Lea and I, both Teaching Artists, ran Textile Design Crash Courses for two different groups of visiting Winchester Thurston high school students on special day-long field trips, one on May 20th and another on May 21st. Asked to come up with a 4.5 hour workshop of our choosing, we jumped at the chance to work with older kids in a truly cross-disciplinary way. There are four different aspects to the course:
The first step is creating the image. We’re using a free vector-drawing program, Inkscape, to design a line for the laser cutter to follow.
For this project it’s very important to think about positive and negative space, because the designs are going to be used as stencils. This is Natalie’s pattern in outline form (on the left) and how it will look when it’s used for printing. On the right side, we made all of the enclosed spaces black. Any enclosed space — any part which is completely surrounded by an outline — will be completely cut out of the paper, leaving a hole that the ink can pass through. In this case, the detailed interior shape of the star will be held to the rest of the paper by a single tiny “bridge” on the left side.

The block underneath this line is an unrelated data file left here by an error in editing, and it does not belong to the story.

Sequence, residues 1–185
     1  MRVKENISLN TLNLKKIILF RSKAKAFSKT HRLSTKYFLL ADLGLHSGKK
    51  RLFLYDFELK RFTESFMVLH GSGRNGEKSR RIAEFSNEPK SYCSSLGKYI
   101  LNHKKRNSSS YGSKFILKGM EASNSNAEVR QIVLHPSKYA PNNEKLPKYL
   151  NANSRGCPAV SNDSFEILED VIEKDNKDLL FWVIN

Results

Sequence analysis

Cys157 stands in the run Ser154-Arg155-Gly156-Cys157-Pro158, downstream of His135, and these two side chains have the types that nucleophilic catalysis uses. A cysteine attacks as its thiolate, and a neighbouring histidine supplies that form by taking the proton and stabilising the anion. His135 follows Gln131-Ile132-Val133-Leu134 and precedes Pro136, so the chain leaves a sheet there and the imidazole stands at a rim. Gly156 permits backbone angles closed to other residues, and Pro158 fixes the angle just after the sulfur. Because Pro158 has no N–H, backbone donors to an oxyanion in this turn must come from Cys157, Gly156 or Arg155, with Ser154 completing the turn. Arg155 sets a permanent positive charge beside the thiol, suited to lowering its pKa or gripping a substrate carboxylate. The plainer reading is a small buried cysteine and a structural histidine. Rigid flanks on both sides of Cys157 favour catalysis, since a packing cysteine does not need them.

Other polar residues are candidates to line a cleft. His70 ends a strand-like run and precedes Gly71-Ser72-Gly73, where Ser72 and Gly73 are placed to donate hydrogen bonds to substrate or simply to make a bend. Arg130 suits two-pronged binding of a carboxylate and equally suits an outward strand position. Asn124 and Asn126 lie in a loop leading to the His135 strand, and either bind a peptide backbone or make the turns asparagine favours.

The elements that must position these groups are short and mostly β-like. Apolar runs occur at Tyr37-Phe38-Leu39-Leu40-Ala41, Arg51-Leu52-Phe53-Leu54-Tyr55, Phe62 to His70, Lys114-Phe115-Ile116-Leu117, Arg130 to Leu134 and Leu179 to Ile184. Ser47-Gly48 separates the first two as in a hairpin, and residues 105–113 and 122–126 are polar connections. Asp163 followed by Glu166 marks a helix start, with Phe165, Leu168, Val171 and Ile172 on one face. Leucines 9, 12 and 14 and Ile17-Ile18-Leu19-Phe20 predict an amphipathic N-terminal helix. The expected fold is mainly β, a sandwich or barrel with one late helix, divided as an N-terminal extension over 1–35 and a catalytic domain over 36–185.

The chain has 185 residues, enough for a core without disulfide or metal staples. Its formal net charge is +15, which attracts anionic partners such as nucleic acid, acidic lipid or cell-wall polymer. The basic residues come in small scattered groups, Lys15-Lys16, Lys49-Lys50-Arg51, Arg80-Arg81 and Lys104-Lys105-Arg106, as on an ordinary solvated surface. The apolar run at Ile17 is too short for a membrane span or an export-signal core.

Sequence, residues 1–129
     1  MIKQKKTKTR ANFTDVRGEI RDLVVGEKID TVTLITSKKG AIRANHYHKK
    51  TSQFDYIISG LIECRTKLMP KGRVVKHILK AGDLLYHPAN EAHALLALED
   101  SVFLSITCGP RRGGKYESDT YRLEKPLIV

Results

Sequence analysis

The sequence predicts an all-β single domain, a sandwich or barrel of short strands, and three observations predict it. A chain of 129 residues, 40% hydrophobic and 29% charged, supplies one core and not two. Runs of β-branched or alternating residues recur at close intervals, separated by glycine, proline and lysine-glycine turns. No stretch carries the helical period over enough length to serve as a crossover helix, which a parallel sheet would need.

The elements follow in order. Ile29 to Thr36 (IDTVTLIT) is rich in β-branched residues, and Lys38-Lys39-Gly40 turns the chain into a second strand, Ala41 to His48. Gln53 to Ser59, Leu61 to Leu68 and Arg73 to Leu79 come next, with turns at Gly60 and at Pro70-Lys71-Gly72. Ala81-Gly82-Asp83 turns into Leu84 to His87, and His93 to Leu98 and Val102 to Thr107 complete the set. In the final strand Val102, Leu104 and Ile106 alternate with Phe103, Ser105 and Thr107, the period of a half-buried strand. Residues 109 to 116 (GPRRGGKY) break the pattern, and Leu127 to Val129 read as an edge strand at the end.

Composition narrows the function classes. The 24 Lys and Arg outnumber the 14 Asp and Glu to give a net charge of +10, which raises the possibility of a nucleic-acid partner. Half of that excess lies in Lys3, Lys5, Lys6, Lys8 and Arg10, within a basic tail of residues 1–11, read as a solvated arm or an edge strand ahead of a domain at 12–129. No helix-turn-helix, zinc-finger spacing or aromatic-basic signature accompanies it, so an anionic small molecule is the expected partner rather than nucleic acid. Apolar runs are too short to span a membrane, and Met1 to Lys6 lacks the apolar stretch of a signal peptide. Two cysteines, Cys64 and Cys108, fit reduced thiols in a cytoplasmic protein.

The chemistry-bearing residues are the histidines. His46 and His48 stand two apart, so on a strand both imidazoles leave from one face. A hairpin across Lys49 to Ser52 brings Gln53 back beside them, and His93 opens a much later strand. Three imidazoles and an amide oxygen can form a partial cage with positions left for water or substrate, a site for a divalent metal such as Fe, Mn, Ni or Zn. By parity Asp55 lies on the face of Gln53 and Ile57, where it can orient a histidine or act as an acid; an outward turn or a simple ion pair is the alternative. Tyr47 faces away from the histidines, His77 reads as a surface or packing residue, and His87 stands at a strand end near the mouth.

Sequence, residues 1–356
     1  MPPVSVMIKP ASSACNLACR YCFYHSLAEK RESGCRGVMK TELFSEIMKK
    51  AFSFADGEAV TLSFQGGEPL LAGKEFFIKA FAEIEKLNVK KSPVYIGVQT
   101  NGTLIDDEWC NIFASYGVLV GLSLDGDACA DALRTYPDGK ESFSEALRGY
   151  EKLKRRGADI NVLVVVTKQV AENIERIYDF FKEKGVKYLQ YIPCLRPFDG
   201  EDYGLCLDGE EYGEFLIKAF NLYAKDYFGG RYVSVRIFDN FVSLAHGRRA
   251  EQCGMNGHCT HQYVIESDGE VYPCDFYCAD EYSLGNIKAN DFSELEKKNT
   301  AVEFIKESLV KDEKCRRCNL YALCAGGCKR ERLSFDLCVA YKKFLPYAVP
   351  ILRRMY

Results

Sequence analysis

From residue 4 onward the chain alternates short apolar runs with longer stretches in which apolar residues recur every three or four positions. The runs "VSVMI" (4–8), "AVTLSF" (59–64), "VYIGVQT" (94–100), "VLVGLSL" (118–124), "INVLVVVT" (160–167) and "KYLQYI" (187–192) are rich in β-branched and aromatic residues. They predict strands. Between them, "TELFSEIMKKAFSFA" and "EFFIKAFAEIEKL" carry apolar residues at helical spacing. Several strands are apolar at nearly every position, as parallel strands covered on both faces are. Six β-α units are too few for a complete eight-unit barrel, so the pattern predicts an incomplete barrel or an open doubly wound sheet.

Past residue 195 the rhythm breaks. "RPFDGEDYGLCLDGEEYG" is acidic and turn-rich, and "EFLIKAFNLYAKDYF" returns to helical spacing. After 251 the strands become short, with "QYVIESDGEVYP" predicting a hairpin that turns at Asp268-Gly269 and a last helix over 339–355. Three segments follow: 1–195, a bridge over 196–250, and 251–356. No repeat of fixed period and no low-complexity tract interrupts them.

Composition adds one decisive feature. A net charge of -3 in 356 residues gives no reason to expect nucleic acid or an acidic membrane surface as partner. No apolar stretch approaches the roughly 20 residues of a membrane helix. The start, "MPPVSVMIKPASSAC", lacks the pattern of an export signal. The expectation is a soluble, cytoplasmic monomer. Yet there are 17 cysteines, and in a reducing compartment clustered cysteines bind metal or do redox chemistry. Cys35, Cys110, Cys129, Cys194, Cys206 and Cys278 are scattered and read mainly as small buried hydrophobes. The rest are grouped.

Once the design is complete, it’s time to use our newest MAKESHOP tool to translate it into something physical! The laser cutter uses a high-powered beam of invisible light to burn into a material (we’re using several pieces of paper on top of each other in a stack) wherever the computer tells it to move.
In this photo, a red dot is visible. The machine also has a visible red laser that helps us line everything up correctly before we begin cutting. Because the material is being burned, there is a small puff of air aimed at the cutting point, to put out any fires, as well as a filter to help clear out the resulting “campfire” smell. You can see where some of the small strips of paper have been blown around.
Once cut, the stack of identical stencils can be used for silk screening the patterns. We are using textile ink, which is flexible enough to be printed onto the fabric and won’t crack when folded or bent. Each student has a 1′ x 5′ piece of canvas to print on in whatever way they choose.
Once the fabric is printed and the ink is dry enough to work with, we set to work on the sewing machines to create… whatever! A bag, a wallet, a piece of headgear, anything that can be created with canvas and a little creativity.
Thanks to all the students who came, on both days, to make this a really fun event to plan and run! Hopefully this will pave the way for more exciting workshop opportunities in the future, using all of the amazing resources, machines and materials we have available at MAKESHOP and the museum!